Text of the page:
The Internet of Things (IoT) is coming, and while issues around standards and protocols are still being ironed out, a growing number of developers, companies and entrepreneurs are flocking to the space in the hopes of staking a claim in what many believe will be technology's next great frontier.
IBM is attempting to help them with Node-RED, an open source tool "for wiring together hardware devices, APIs and online services in new and interesting ways," the website says. Node-RED offers a browser-based visual interface in which users can select from a palette of prebuilt nodes, which are functional components, and wire them together to create flows. These flows, which represent "if this, then that" workflows, can be deployed to a Node.js run time with a single click.
Node-RED's palette offers a wide range of node types. There are hardware nodes for devices like the Raspberry Pi; network nodes for protocols like HTTP, TCP and MQTT; social nodes for APIs from providers including Twitter and Twilio; and storage nodes for various file systems and databases. Because Node-RED is open source, developers can build and contribute their own nodes.
Built to Scratch an Itch
Dave Conway-Jones of IBM's Emerging Technology Group says that one of the reasons his team developed Node-RED was "to scratch an itch." As he explained to SD Times' Alex Handy, "We were doing increasingly more and more things that seemed to be this similar pattern where we would connect some device into some network that connects to some back end and get the data from A to B."
There had to be an efficient way to deal with this pattern, so Conway-Jones and his colleagues set out to build a tool that would make it easier to deal with IoT workflows. The result, Node-RED, largely eliminates the need for its users to become familiar with the technical intricacies and integration approaches of supported devices and functional components. That in turn speeds the process of iterating and responding to feedback and new requirements, and it also makes it possible to efficiently perform experiments that previously may have been prohibitively time-consuming.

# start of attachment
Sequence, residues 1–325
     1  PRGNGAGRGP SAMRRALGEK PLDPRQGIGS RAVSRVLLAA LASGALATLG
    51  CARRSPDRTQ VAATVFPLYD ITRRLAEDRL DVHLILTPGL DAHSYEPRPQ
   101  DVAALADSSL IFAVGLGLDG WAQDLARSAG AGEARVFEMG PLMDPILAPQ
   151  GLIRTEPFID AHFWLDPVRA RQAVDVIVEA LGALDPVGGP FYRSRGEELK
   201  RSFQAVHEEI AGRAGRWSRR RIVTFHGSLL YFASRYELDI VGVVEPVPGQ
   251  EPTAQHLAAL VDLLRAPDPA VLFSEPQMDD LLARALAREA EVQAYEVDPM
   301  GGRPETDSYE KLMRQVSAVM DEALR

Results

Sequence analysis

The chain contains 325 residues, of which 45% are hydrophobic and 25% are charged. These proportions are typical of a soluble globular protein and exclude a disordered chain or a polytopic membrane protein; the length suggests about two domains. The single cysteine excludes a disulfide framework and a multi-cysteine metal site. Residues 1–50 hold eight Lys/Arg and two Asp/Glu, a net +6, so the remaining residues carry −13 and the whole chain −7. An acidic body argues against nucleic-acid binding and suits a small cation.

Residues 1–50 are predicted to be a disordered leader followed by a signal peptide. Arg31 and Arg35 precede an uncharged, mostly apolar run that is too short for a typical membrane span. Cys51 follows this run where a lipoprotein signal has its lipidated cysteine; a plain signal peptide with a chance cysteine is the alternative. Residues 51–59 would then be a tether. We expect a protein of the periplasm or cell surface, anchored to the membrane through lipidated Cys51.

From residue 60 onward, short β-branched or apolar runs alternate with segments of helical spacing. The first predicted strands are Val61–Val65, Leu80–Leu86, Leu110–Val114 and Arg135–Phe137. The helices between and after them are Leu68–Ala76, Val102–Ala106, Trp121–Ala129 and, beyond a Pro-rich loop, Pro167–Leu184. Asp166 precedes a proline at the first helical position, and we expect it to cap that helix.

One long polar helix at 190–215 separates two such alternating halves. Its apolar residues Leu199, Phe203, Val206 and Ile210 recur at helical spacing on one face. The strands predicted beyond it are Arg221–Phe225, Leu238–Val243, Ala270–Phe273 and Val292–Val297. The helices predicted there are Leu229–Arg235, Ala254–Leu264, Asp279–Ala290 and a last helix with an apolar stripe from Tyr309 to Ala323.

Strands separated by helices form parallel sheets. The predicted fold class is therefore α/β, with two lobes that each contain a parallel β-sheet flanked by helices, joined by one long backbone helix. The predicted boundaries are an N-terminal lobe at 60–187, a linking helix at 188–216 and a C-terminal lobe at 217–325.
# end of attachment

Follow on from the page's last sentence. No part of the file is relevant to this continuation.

On its own, Node-RED appears to be on its way to establishing itself as an important tool for the burgeoning IoT ecosystem. By giving technical and nontechnical users alike a visual means of connecting devices, APIs and other functional components, Node-RED can significantly reduce the complexity common to IoT workflows.
But one of Node-RED's most promising characteristics is its ability to support collaboration. The flows the software produces are represented in JSON, so they're easily shared. The Node-RED website even offers a flow library where users can upload flows they've created and download flows created by others. There 's already a wide range of flows. One shared flow, for instance, takes the RSS weather feed from the BBC and sends it to Twilio SMS and to a printer using MQTT. Another shared flow obtains input from an energy monitor and changes the color of an LED display based on a user-defined threshold.
If Node-RED's popularity grows, this collaboration-friendly approach could help shape the way we develop for the IoT.